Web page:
At the saddle the wind picked up considerably and we started adding layers to stay warm.  From the saddle the trail gets harder to follow at night but is marked by small cairns and large white branches.  There are several false summits along the way but we reached the final summit just before 5am.  My GPS watch didn't seem to be recording very well but it recorded 5.24 miles to the summit.  It was a tough hike after a week of work and a day of driving but for me, it was worth the reward of seeing the sunrise at the highest point in Arizona.  It felt like temps were in the high 30's, give or take 5 degrees.  The wind was already building for the day and our best guess was a sustained 25mph.  Both of us were feeling the day's elevation gain of around 10,000 feet (from Tucson) and were eager to get down as quickly as possible.  We found our way over to one of the higher ski slopes and worked our way down the mountain that way. 

This hike at night was a challenge but an achievable one.  It definitely makes me want to do more night hikes, especially if they have a fantastic view at the top.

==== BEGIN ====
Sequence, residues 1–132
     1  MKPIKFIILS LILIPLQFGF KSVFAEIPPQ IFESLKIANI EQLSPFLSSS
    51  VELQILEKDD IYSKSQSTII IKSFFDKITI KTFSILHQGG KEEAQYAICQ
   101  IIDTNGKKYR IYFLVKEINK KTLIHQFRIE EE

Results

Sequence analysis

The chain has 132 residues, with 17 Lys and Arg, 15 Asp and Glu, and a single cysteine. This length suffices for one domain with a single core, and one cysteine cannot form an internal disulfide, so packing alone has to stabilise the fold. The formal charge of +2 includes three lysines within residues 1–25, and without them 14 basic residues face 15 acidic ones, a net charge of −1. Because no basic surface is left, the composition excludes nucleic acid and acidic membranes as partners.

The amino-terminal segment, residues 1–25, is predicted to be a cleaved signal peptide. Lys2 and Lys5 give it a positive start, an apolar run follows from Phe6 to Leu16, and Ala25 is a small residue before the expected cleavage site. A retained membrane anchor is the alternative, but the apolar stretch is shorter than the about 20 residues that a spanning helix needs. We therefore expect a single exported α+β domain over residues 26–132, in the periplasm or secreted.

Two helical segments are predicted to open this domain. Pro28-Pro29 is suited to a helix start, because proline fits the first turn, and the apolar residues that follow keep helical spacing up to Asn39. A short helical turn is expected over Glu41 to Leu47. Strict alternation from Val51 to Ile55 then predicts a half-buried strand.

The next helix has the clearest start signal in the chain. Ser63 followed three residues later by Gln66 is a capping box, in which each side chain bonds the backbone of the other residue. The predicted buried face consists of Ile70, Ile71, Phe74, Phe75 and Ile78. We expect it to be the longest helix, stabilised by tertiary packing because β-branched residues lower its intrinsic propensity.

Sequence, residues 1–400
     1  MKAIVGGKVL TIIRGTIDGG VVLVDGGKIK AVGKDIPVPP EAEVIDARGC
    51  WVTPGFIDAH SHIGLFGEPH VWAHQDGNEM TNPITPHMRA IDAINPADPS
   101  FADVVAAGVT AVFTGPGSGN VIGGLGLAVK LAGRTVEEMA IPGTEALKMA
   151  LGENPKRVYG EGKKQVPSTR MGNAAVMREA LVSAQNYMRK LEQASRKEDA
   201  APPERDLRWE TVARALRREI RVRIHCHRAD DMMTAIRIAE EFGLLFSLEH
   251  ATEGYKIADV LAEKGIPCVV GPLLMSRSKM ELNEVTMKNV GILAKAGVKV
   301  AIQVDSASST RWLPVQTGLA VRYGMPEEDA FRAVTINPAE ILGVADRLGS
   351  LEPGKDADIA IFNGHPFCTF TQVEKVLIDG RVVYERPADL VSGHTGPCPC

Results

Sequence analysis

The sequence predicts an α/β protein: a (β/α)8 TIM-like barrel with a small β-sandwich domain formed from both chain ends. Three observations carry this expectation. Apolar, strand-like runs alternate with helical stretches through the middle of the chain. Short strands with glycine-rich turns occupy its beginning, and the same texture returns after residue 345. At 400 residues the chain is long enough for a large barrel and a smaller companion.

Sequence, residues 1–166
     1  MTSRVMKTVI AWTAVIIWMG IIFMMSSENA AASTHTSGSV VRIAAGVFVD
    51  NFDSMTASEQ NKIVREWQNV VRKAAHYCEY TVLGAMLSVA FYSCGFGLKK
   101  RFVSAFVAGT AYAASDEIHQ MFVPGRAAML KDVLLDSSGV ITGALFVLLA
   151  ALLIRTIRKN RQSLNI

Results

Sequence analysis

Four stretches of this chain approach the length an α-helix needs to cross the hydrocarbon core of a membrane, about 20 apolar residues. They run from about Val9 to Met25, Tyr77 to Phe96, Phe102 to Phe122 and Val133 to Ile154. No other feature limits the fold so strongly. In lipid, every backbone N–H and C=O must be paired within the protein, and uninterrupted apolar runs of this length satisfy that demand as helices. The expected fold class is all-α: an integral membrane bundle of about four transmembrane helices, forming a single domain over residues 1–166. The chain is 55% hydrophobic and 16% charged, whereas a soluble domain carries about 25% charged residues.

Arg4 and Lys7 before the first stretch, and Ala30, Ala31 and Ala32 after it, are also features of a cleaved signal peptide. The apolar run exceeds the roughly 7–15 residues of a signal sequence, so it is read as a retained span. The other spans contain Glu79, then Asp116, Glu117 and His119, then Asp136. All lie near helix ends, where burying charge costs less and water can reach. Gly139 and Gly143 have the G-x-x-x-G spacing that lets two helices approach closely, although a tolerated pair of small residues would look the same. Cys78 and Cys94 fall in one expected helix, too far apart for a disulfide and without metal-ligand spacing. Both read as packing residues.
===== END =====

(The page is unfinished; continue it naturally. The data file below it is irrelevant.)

Here is a list of noteworthy gear I was using and would recommend:

Pack – Repack 15 from Boreas.  What a great pack! The volume was a little bigger than I needed for this trip but it easily compressed down.  Enough pockets to keep things organized but still simple in design. 

Trekking Poles – Ultra Distance Z from Black Diamond.  The carbon Z poles from BD are fantastic.  They are so light you forget they are there when they are on your pack but still give all the stability you need when you are using them. 

Footwear – NewBalance MT10.  These were the first minimal shoe I tried over a year ago and I keep going back to them.  They are light and give enough cushion for the very rocky sections if you slow down.  For me, the fit is fantastic and I love the heel cup.